Within-plate earthquakes



English: Earthquakes recorded in the New Madri...

Recent earthquakes in the US mid-west around New Madrid Missouri. Image via Wikipedia


Almost all devastating earthquakes within living memory and the tsunamis that ensued from some of them have occurred where tectonic plates meet and move past one another either horizontally through strike-slip motion or vertically as a result of subduction. This link between real events and the central theory of global dynamics gives an impression of inherent predictability about where damaging and deadly earthquakes might happen, if not the more useful matter of when the lithosphere might rupture. Such confidence is potentially highly dangerous: the most deadly earthquake in recorded history killed at least 800 thousand people in China’s Shanxi Province in 1556 when according to  a description written shortly afterwards, ‘… various misfortunes took place… In some places, the ground suddenly rose up and formed new hills, or it sank abruptly and became new valleys. In other areas, a stream burst out in an instant, or the ground broke and new gullies appeared…’. Shanxi is far from any plate boundary. A study of Chinese historic records covering the last two millennia (Liu, M. et al. 2011. 2000 years of migrating earthquakes in North China: How earthquakes in midcontinents differ from those at plate boundaries. Lithosphere, v. 3, p. 128-132) shows a pattern to the position of large intraplate events.  Rather than occurring along lines as do those at plate boundaries, earthquakes ‘hopped’ from place to place without affecting the same areas twice. Liu and colleagues consider this almost random pattern to result from reactivation of interlinked faults through broad-scale and gradual tectonic loading of the crust by far off plate movements. After a short period of reactivation one fault locks so that energy build-up is eventually released by another in the plexus of crustal weaknesses.

The best studied site of such intraplate seismicity lies midway along the Mississippi valley in the mid-US, between St Louis and Memphis. In 1811 and 1812 four Magnitude 7 to 8 earthquakes struck, the most affected place being the small township of New Madrid on the banks of the great river where mud and sand spouted from numerous sediment volcanoes. No-one died there but tremors were felt over a million square kilometers, bells ringing spontaneously as far away as Boston and Toronto. It is now known that this section of the Mississippi basin lies above a graben that affects the ancient basement beneath the alluvial sediments, one of whose faults was reactivated, perhaps in an analogous way to the hypothesis about Chinese seismicity. A coauthor in Liu et al. (2011), Seth Stein of Northwestern University, Illinois, believes stress redistribution through a Mid-western fault network was responsible and other events are likely at some uncertain time in the future on this and other areas underpinned by ancient fault complexes. Indeed sporadic ‘quakes up to Magnitude 7 have affected the eastern US and Canada and the Atlantic seaboard since European settlement. But since the largest of the New Madrid quartet of earthquakes, populations have grown across the likely areas of tenuous risk and future ones could have extremely serious consequences for which it is difficult to plan by virtue of unpredictability of both place and timing: in some respects a more worrying prospect than is the case where major events are inevitable – sometime – as along the San Andreas Fault. There are few, if any, major conurbations worldwide that could be considered seismically safe if the theory of networked stress redistribution through otherwise inert parts of continental crust is borne out.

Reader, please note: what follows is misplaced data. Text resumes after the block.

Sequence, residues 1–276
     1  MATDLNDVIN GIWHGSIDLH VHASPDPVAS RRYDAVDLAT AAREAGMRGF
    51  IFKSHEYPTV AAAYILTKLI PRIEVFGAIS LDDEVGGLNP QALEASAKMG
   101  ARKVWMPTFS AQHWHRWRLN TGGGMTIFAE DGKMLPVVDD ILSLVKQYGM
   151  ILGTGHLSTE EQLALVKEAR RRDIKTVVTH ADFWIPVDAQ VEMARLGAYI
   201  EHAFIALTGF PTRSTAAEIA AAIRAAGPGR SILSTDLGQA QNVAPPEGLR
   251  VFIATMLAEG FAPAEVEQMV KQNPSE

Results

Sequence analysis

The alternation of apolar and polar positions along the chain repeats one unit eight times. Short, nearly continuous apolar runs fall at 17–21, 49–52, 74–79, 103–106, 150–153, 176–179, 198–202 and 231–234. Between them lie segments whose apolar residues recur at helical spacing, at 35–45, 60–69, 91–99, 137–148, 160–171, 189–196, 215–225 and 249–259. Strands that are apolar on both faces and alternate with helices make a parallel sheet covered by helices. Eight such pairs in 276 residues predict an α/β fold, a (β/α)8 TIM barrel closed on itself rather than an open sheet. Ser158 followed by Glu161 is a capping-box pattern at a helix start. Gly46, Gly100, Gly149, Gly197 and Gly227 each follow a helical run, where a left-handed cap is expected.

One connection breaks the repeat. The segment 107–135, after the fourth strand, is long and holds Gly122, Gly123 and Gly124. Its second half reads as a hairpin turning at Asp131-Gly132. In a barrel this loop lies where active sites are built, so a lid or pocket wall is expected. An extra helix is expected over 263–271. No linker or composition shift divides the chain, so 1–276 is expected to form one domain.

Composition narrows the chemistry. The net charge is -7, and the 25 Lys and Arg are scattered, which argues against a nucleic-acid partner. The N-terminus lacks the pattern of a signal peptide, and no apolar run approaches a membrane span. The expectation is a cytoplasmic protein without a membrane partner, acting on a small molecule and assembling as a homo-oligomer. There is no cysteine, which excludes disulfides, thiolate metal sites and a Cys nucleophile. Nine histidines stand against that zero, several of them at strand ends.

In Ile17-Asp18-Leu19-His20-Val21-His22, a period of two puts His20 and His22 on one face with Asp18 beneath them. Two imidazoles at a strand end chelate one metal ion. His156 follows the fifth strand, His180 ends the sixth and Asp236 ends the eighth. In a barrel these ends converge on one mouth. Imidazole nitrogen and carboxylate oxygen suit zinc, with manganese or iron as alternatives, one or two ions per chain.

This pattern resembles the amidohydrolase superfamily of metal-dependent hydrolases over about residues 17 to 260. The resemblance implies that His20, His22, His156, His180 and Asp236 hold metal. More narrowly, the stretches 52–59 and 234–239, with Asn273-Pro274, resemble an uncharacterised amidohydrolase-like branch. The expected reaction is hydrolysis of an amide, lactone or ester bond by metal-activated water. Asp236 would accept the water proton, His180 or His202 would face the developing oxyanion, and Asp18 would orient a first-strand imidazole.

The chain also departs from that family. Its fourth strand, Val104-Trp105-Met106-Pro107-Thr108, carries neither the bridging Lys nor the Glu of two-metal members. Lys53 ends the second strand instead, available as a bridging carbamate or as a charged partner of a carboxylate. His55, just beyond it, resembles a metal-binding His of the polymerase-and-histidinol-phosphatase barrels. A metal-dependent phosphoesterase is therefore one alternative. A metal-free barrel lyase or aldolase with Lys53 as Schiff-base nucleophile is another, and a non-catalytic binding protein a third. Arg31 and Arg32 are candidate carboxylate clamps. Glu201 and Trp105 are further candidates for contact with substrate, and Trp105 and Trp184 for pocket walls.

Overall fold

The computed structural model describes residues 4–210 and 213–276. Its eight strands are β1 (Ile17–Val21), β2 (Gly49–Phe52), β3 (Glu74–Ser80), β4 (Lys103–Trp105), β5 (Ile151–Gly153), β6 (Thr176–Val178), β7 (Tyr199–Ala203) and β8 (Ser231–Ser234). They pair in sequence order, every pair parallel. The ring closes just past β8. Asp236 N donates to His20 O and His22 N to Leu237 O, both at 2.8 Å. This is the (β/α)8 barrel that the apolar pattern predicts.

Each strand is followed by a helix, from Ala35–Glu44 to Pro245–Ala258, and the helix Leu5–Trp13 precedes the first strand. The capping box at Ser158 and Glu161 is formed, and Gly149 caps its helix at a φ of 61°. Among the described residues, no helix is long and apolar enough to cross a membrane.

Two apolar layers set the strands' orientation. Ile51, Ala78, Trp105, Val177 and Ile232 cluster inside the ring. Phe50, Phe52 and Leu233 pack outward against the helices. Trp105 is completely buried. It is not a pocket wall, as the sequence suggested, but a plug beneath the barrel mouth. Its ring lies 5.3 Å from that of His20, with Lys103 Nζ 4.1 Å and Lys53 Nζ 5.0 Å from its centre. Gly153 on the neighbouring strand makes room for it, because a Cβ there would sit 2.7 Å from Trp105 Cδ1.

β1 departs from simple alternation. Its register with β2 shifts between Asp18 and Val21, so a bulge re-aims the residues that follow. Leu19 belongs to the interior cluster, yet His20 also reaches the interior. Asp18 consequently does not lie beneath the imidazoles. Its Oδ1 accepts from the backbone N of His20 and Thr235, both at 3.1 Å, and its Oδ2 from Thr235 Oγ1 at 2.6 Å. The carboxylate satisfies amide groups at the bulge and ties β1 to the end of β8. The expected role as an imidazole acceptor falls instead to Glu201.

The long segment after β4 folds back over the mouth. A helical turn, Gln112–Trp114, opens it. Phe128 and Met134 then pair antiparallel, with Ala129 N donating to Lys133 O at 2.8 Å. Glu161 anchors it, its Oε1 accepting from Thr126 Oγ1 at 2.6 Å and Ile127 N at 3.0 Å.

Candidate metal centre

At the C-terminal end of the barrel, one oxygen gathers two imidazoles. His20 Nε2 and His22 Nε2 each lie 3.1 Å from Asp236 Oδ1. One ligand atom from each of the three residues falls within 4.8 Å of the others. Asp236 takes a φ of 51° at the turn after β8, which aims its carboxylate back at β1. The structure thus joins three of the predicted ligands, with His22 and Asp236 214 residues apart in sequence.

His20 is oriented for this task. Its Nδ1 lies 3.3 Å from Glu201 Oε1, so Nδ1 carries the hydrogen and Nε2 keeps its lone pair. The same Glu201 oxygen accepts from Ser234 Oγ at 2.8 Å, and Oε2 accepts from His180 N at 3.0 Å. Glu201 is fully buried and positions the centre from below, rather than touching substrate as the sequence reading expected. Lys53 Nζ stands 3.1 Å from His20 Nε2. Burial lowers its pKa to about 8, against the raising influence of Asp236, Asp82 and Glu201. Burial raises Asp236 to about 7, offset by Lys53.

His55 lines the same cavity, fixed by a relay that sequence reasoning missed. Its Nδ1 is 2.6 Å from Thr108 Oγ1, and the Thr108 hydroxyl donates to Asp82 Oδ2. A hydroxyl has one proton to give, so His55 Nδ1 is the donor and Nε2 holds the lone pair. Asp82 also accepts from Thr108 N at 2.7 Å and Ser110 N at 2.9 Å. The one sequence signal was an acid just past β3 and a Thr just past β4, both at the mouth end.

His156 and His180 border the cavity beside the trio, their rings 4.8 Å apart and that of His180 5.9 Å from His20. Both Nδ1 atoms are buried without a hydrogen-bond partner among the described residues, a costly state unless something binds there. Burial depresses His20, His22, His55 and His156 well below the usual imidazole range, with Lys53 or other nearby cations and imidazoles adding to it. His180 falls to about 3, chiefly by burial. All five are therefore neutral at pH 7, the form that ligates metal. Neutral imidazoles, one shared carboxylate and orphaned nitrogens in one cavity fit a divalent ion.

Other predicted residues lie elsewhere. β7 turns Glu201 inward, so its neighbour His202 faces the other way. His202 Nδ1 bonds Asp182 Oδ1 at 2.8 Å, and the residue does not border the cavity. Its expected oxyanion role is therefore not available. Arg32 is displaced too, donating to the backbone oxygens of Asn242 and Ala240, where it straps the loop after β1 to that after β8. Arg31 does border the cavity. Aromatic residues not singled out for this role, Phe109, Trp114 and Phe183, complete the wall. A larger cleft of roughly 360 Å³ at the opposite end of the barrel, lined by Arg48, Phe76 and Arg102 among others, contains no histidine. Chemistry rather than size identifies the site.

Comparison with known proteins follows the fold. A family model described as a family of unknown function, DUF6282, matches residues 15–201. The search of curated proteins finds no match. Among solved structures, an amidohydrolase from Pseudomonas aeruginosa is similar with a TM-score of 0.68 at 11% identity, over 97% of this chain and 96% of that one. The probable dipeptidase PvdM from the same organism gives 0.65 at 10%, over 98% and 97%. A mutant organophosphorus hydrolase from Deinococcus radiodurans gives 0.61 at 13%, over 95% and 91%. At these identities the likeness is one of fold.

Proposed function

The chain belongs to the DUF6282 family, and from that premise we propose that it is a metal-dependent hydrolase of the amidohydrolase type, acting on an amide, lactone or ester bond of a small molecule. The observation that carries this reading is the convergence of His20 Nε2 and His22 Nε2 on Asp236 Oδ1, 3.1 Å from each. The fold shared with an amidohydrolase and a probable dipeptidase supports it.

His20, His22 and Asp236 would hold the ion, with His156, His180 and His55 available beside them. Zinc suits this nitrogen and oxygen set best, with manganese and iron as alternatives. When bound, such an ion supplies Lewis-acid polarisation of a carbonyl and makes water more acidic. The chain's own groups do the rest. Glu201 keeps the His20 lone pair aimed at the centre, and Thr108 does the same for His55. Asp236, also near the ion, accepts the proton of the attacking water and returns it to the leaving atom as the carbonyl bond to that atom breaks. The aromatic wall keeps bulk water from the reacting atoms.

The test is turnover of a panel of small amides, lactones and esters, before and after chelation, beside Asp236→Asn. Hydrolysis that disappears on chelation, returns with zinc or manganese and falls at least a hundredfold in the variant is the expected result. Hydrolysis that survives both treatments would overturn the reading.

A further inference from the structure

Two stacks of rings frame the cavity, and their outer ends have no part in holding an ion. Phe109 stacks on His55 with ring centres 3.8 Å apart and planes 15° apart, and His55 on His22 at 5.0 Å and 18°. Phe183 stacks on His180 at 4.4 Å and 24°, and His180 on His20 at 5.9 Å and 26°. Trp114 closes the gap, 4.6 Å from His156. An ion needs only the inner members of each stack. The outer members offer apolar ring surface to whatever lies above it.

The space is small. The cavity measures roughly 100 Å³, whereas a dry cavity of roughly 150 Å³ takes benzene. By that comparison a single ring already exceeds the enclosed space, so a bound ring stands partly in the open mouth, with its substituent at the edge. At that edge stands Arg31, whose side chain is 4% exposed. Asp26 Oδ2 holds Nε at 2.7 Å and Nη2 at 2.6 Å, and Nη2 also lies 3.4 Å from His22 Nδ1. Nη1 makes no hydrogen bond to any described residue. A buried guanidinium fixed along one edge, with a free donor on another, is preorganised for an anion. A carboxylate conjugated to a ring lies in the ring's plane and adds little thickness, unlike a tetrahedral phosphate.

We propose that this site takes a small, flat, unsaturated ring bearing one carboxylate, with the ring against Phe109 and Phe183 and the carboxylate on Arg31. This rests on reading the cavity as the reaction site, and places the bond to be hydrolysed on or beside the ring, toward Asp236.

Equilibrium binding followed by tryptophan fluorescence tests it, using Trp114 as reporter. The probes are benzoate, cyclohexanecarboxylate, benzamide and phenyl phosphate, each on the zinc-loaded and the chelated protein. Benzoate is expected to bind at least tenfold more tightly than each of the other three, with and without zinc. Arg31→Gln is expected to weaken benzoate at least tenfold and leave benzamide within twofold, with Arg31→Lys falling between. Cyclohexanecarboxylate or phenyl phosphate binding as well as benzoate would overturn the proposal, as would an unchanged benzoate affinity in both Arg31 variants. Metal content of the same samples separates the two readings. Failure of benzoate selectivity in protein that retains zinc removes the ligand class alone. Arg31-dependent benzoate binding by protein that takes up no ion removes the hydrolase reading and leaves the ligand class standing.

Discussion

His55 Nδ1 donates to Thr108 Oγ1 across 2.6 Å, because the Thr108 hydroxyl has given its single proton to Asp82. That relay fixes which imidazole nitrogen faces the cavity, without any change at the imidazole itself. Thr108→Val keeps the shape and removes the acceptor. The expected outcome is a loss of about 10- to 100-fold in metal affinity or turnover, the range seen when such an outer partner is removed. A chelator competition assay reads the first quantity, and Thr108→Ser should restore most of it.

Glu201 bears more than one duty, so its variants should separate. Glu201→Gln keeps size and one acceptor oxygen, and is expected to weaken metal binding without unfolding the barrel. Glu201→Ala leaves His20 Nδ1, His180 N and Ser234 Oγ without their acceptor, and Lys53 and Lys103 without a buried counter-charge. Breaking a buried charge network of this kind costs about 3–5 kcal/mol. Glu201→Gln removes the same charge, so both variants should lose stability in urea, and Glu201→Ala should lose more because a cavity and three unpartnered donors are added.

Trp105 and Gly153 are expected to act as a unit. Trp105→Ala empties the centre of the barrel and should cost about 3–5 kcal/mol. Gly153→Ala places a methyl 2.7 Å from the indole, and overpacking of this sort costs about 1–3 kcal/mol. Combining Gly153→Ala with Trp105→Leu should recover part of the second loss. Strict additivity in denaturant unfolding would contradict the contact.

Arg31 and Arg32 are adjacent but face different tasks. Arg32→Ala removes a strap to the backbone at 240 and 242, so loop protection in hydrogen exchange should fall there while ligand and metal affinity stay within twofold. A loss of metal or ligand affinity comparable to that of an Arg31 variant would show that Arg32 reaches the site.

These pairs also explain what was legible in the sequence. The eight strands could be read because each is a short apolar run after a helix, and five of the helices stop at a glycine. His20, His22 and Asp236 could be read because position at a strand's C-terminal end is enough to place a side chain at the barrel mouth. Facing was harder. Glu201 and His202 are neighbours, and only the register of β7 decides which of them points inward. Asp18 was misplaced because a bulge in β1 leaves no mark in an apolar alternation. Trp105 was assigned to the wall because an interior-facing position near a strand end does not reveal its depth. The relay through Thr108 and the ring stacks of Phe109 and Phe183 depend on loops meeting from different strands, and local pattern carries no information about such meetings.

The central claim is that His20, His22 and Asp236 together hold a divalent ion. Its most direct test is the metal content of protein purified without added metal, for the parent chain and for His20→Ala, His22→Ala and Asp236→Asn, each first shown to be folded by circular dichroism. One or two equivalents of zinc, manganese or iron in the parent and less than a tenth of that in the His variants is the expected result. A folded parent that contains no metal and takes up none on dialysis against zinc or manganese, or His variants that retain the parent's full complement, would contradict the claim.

In some respects the theory is a small-scale version of the suggested mechanical linkage through all major plate boundaries that has been suggested by some to account for the clustering in time of great earthquakes – around and above Magnitude 8 – around the globe. Since 2000 great earthquakes have occurred on subduction zones beneath Sumatra, the Himalaya, the Andes, Central America, Alaska, New Guinea, the mid-Pacific, Japan and the Kurile islands, on the strike-slip system that cuts New Zealand and in the intraplate setting of the 2008 Sichuan earthquake in China. Almost all plate boundaries link up globally, but although it seems likely that stress is redistributed along boundaries, especially between adjacent segments, as documented for the great Anatolian fault system of Turkey and the Indonesian subduction zone, a mechanism that transmits stress beyond individual plates seems unlikely.


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